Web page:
David Bourget (Western Ontario)
David Chalmers (ANU, NYU)
Rafael De Clercq
Ezio Di Nucci
Jonathan Jenkins Ichikawa
Jack Alan Reynolds
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Philosophy 61 (236):193 - 214 (1986)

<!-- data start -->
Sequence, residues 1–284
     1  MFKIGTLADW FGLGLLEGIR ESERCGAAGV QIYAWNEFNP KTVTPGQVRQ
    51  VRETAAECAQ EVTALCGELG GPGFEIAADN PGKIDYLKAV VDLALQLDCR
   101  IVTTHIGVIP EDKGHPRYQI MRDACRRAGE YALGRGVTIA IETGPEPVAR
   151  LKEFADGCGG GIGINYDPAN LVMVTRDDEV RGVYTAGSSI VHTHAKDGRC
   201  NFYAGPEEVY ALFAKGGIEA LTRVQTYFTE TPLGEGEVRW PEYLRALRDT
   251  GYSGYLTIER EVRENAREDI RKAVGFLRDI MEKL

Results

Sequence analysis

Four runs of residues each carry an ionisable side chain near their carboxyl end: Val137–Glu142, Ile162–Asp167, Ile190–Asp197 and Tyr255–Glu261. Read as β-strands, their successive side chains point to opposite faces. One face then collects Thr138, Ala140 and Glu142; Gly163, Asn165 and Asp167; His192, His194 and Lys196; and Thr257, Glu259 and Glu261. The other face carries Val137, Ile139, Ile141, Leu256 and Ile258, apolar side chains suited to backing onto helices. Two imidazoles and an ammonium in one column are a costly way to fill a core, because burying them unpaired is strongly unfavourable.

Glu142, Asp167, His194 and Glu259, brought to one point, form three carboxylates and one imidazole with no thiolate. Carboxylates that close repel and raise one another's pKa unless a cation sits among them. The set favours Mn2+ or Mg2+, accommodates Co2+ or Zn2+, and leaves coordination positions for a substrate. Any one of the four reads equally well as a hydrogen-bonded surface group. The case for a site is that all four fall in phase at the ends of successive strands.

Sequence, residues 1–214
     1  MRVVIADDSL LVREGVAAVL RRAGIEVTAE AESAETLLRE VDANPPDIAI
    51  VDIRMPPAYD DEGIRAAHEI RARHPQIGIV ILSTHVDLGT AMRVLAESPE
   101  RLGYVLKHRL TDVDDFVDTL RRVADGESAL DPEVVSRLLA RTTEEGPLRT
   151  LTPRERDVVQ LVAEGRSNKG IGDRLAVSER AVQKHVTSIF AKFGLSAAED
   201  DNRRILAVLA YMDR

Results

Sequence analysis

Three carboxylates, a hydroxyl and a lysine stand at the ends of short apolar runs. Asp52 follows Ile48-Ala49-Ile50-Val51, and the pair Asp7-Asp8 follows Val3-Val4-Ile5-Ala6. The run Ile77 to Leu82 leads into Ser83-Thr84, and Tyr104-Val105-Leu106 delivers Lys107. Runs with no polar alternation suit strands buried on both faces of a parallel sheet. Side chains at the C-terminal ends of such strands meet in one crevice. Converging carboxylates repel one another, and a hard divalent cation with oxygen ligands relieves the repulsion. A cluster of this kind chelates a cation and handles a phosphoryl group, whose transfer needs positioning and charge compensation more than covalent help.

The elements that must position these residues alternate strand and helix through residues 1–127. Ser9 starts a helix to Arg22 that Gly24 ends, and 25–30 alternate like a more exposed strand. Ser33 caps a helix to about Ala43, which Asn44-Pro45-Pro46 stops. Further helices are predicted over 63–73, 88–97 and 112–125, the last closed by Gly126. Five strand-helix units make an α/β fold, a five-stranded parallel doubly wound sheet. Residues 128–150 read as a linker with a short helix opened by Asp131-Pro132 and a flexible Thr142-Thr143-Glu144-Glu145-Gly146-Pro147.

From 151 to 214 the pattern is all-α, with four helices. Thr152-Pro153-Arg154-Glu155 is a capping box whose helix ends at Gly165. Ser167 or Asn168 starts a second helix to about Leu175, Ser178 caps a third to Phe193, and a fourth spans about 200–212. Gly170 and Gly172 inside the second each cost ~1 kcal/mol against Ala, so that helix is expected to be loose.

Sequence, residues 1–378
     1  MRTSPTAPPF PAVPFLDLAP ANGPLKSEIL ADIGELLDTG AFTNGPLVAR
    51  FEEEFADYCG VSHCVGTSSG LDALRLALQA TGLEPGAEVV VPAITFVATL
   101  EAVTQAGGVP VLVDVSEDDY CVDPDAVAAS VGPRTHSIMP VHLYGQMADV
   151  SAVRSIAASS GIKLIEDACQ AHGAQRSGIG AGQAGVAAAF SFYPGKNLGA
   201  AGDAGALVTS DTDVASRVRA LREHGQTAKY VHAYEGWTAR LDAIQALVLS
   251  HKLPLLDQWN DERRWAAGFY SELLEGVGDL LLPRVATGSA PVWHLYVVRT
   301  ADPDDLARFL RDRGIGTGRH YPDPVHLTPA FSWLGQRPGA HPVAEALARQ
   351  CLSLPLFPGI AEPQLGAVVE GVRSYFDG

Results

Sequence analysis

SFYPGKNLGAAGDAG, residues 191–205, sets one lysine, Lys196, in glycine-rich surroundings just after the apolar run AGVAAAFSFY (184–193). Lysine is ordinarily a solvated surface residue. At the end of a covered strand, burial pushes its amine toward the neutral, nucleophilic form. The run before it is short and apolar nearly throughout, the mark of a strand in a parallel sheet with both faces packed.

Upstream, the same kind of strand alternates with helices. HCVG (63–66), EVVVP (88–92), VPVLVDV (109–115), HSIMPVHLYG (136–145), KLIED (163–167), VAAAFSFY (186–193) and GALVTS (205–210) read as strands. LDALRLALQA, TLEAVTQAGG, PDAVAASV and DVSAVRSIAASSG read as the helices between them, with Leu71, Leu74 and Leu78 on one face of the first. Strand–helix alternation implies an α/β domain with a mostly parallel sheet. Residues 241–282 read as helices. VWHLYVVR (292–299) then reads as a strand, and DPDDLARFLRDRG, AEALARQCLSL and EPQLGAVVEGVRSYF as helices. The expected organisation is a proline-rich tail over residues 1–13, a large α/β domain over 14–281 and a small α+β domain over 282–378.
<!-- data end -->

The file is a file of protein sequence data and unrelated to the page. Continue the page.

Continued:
We are morally perplexed about nuclear weapons. Popular debate oscillates tediously between an apparently impractical idealism which would have nothing to do with the things, and a military and political realism which insists that we have to use such means to attain our legitimate ends. The choice, it too often seems, is between laying down our nuclear arms–thus avoiding the moral odium of resting our defence policies on threats to vaporize millions of civilians–but leaving ourselves open to domination by those who do not feel such scruples, and on the other hand, retaining such weapons as long as our potential enemies possess them, constantly maintaining parity with the other side–in other words, proceeding with the arms race. The respective proponents of principle and of prudence typically fail to understand how others can possibly neglect the considerations which loom so large in their own minds. Each has at bottom a deeply held ethical view–that certain means may not be used for any end, or that certain ends are so important that they justify the use of almost any means. The disagreement is so irreconcilable that it spills out from TV studios and newspaper editorial pages on to the streets and the missile bases, and into the courts and the prisons
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